Haven’t played Yoomurjak’s Ring because as far as I know there’s no drm free version available but I loved Dracula 3.
I liked many of the puzzles including the blood testing that many seem to dislike. It has also a few that were too difficult for me but those were probably perfect for others.
Special mention goes to the end puzzle though. That would have been the best puzzle from any game in my book if only it was clued a little better. That puzzle must have taken an enourmous amount of planning by the creators so it’s a pity many players just looked it up in a walkthrough (I only heard of one person solving it without help). When I read the solution it was already spoiled for me so I didn’t bother to take all the steps to find the answer but I wished there was a way I could have found it myself.

There have been many discussions here about puzzles and when someone says a specific one is unfair someone else found it perfectly reasonable. In most cases people complain if a puzzle seems to be only solvable using trial and error but in many cases it turns out there’s some logic after all…

     
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Joined 2005-07-08

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I agree with HandsFree. Inventory-puzzles are OK, but they tend to end up with try everything with everything.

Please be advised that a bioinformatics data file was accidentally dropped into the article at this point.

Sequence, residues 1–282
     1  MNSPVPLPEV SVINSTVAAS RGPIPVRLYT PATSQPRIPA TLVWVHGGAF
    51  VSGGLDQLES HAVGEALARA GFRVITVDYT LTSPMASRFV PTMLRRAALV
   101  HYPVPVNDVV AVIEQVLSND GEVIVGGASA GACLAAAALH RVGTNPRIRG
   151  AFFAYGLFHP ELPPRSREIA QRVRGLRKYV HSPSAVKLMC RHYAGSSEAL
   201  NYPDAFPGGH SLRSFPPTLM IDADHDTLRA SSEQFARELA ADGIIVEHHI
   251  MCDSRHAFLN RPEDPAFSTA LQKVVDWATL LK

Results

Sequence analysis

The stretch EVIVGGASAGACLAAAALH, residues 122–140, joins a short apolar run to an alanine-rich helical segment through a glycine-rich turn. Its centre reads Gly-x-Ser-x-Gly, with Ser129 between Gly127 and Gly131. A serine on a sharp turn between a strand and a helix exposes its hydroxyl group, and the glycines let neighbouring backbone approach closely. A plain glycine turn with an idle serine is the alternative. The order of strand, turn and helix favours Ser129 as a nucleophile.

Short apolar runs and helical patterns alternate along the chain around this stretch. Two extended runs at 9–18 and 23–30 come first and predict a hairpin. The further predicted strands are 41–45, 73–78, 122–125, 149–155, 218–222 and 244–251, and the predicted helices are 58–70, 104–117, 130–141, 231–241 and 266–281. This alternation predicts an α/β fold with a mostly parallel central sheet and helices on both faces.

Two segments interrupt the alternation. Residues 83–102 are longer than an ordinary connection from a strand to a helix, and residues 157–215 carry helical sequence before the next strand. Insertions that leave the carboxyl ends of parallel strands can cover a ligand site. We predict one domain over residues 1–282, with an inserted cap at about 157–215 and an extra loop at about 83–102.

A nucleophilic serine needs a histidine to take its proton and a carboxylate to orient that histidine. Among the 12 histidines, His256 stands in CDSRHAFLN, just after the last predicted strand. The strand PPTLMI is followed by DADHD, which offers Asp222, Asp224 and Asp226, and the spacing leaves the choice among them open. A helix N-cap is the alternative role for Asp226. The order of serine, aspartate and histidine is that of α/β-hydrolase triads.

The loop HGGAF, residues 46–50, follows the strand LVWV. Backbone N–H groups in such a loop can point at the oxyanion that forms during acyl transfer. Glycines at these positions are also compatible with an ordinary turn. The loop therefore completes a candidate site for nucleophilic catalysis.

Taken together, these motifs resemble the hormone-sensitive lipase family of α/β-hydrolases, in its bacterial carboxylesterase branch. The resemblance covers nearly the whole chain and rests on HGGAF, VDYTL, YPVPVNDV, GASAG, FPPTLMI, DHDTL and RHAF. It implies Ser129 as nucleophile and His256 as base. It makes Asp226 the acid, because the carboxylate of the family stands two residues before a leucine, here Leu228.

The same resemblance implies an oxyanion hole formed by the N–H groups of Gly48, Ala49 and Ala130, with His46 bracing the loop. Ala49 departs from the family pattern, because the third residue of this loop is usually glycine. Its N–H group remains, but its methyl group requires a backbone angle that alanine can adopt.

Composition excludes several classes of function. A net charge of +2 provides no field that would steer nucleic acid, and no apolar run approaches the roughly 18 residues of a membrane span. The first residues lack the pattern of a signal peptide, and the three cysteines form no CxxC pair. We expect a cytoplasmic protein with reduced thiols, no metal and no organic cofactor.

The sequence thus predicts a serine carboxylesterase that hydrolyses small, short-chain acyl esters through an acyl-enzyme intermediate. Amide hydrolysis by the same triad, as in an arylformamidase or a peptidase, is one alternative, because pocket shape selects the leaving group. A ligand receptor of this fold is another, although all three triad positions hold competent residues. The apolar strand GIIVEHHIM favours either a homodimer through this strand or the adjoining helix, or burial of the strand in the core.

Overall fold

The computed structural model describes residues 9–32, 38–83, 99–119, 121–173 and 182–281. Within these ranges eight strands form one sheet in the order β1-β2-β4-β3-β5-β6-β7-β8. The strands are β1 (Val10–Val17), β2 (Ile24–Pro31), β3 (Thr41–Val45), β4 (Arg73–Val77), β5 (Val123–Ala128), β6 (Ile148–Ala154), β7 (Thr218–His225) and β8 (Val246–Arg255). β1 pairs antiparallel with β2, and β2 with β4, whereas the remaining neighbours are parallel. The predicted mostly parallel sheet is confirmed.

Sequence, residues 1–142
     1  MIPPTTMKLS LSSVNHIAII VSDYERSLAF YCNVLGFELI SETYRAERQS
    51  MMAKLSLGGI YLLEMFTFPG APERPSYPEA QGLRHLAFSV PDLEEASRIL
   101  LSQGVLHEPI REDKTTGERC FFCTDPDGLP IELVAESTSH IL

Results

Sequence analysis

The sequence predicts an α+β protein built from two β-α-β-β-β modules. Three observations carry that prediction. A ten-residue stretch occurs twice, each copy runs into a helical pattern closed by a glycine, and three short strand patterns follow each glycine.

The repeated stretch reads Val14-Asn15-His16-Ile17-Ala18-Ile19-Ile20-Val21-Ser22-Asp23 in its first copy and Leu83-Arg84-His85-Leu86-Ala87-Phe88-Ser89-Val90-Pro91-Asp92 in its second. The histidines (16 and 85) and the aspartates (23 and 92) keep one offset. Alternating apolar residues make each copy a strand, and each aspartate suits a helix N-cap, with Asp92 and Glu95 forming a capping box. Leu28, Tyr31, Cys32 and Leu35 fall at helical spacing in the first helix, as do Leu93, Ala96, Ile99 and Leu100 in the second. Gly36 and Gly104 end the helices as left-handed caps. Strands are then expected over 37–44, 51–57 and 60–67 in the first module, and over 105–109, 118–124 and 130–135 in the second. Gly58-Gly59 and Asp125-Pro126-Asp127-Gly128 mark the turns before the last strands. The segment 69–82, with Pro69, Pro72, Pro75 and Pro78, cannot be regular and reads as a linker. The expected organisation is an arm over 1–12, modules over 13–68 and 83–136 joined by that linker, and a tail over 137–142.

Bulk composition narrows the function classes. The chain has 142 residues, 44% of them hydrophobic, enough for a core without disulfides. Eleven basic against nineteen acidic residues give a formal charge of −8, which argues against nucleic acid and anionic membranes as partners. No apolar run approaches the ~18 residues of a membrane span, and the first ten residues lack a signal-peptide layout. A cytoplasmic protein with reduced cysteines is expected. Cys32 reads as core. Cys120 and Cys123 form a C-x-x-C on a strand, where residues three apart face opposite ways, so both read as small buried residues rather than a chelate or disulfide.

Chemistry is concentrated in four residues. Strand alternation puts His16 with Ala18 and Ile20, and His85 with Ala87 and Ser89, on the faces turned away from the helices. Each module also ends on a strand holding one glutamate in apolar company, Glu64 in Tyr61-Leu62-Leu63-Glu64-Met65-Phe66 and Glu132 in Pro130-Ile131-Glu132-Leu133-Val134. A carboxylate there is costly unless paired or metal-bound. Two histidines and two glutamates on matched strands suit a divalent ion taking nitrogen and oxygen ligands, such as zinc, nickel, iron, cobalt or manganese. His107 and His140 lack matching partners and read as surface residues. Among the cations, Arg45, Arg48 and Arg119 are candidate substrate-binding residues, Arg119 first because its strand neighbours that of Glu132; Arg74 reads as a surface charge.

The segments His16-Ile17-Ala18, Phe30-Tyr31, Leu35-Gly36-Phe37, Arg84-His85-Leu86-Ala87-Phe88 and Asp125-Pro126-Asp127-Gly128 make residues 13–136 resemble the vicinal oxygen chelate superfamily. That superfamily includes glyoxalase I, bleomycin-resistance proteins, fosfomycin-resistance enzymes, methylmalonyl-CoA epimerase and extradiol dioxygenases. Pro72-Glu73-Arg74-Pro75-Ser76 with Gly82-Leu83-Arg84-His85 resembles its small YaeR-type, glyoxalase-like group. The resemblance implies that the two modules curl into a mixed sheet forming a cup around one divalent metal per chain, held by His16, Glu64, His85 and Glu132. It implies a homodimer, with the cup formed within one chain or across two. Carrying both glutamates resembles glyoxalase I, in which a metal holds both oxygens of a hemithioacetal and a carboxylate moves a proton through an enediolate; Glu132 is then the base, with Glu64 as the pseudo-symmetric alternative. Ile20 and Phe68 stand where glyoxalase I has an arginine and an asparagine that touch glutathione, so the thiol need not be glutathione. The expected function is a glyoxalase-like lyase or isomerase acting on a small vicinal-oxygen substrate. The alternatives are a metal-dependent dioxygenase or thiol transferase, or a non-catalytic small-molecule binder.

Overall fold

I have played Path of the Dragon, but I got stuck at the blood testing puzzle, and never finished it. I’m going to have a crack at it someday, I think.

A combination is good, though. When I play inventory-based games, I love to encounter an isolated puzzle, riddle, mathematical test, number combination etc. Then I like to get a refreshment or a snack and sit down, maybe with pen and paper, and try to figure out the puzzle. The Black Mirror games did this quite well, if I remember correctly.

I hate when these puzzles are timed, though, or when your reaction skills or speed is crucial to solve the puzzle. Also, it is unfair when you have to rely on information outside of the game to finish it (Yes, I’m looking at you, baking-puzzle in Still Life). All clues to solve a puzzle should be inside the game (although I like it when it’s hidden or difficult to find). The exception, of course, being In Memoriam, where the entire game was based on finding clues on the internet.

     

Total Posts: 56

Joined 2009-08-31

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I think the whole format of inventory based puzzle solving is utterly tired. Furthermore it never really worked for games with a ‘serious’ tone. For me, carrying a dozen large items in your pockets and combining them in wacky ways is fine for a humourous game but has never really been a satisfactory device elsewhere. Even puzzle games tend to have an inventory just tacked on, seemingly just because it’s something they feel they should have, and because it helps to pad out the gameplay. I don’t mind carrying a key to open a locked door; finding the key can be a quest in the game and drive gameplay. But once it starts to get more obtuse than that I find it tedious. It’s just a lack of creativity really.